Three years after being acquired by big ski conglomerates, Stevens Pass and Crystal Mountain faced their biggest test yet: COVID-19.
A large pool of bitter cold air seeps into the US from Canada this week, affecting the weather from coast to coast. Here’s what to expect on the slopes.
For Pacific Northwest skiers and riding seeking a different look, feel, and sound -- and fewer crowds -- to their experience, check out night skiing.
While the northwest peaks remain most active this week, cold air in the East and two systems bring new snow to the southern Appalachians. Here’s where to find best conditions this week.
2021 already looks good with storm after storm lining up in the West, and a turn to a more active pattern for the East. Here’s where to find great ski conditions through the first week of January.
This week, snow activity really begins to pick up. As more and more ski areas open, we'll have multiple storms out West and fast movers in the East to build up the bases.
While lurking past closing hours in the mountain resort parking lot has always been the domain of the dirtbag, more ski areas are bringing the practice of overnight stays out of the shadows—and some are downright embracing the car-bound camp movement. This focus on ski resort winter camping, which accommodates visitors of lesser means—as well as nomadic adventurers—is a refreshing step back from the luxury demographic. that the ski industry habitually targets.
February can bring some healthy storms around North America, and this week proves that. The Rocky Mountains and Northeast have storms ahead that will keep you itching to hit the slopes. Here’s where to expect the best conditions.
In most seasons, the Pacific Northwest can claim the most snow in the country -- and the heaviest powder. So, skiers and riders who head up to the Cascades know they have to work a bit harder to carve up the freshies.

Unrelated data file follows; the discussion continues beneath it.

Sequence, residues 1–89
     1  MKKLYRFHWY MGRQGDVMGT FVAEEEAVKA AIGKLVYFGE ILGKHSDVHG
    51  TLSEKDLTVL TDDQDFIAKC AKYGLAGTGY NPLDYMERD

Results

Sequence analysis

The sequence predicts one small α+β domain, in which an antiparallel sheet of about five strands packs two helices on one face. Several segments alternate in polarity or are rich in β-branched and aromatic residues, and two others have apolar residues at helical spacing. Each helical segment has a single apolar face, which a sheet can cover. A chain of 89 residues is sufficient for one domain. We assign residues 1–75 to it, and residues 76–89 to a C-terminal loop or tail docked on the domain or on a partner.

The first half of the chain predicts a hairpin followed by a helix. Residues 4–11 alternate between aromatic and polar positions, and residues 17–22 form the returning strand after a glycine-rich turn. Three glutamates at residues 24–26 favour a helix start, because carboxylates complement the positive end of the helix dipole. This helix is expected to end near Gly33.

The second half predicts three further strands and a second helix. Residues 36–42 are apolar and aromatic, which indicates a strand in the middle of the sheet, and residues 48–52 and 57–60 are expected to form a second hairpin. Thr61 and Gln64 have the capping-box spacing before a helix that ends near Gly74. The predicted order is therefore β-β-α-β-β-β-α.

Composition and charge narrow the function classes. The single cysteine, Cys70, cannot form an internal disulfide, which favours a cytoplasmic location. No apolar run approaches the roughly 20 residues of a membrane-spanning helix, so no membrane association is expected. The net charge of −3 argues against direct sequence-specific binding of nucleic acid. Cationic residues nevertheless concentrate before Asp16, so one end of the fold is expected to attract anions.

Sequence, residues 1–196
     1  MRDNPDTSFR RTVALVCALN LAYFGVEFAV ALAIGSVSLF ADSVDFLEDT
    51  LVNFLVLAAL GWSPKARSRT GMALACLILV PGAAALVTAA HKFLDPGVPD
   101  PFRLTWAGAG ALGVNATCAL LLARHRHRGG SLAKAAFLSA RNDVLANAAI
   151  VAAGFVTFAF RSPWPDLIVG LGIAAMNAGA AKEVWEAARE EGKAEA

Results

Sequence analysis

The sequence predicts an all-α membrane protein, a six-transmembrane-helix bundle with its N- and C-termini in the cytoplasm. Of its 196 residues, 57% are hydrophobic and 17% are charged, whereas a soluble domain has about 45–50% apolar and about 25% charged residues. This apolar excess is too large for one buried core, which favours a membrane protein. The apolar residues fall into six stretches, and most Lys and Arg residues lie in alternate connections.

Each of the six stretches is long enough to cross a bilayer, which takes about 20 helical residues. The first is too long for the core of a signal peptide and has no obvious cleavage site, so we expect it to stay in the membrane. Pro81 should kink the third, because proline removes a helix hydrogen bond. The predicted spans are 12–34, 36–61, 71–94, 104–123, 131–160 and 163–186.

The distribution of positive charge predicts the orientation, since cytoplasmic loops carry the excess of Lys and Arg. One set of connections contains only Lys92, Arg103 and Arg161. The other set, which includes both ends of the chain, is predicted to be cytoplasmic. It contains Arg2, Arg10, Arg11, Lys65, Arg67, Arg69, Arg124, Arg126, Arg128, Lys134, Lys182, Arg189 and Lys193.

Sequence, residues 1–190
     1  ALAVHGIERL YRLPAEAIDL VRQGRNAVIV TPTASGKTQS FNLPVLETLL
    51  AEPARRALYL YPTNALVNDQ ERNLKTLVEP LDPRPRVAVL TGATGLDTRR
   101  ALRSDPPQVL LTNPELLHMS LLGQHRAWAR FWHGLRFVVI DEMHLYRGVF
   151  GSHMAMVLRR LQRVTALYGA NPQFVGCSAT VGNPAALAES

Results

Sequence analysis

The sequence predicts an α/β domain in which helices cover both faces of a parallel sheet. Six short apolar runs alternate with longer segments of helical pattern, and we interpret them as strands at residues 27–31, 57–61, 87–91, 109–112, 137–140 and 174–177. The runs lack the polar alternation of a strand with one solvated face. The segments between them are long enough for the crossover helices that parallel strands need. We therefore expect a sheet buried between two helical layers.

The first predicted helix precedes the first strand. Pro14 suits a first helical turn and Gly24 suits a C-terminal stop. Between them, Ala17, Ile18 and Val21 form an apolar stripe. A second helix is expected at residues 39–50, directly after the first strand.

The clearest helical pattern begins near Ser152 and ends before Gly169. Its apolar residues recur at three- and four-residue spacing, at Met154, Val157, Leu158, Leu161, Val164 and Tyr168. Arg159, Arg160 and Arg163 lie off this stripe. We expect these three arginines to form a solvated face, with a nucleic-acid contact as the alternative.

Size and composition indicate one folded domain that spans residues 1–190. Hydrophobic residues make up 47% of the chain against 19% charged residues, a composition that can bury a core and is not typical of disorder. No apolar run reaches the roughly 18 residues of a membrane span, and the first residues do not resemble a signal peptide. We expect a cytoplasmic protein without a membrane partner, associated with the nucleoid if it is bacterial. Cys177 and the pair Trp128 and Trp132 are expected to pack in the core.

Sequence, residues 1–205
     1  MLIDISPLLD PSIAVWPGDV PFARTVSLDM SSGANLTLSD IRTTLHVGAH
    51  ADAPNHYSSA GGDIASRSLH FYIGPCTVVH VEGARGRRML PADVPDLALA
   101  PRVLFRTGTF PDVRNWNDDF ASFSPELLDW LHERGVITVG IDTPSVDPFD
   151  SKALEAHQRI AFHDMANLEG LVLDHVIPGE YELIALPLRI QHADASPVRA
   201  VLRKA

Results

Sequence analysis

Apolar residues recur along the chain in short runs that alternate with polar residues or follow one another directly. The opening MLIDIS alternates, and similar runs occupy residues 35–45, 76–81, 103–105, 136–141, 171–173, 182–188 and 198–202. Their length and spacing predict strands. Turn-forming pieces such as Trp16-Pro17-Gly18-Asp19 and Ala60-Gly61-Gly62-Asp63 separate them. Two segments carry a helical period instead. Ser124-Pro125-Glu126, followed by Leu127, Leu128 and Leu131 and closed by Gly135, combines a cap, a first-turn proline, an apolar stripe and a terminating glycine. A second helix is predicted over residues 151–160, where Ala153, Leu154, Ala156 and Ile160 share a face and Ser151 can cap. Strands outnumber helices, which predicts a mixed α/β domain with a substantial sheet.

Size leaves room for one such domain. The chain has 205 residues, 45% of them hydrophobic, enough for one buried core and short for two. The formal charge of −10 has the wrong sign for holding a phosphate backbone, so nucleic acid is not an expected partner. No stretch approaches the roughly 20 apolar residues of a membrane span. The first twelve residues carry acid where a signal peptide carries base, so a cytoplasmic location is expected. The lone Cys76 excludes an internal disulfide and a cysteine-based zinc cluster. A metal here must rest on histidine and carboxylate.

As we approach the final days of 2019, we'll have a pleasant mix of snow days, sunny days, and mild days to take in all that the weather has to offer on our favorite ski trails.
Naughty or nice? Rather than your deeds, location will determine who will get the finest gift of snowy weather this week!
Another season of SnoCast is back right here on SnoCountry.com. We’re glad to bring you a powder-tastic year of forecasts so you can find the best skiing and riding this 2019-2020 winter season.
After hiking in the mountains, the chance to soak sore muscles in a warm or hot springs pool beckons us all -- especially as the weather cools.
The largest ski and snowboard resort owner in the world enters its second decade of its expansion with a modest slate of on-mountain upgrades and a couple of portfolio-wide improvements.
The latest round of storms off the Pacific Ocean have rivaled any in recent years, so much so that a number of resorts closed temporarily and others had to cut back on skiable terrain.
As we bid a fond farewell to 2018, the editors at SnoCountry take a look at the news that shaped skiing and riding at mountain resorts across North America over the year.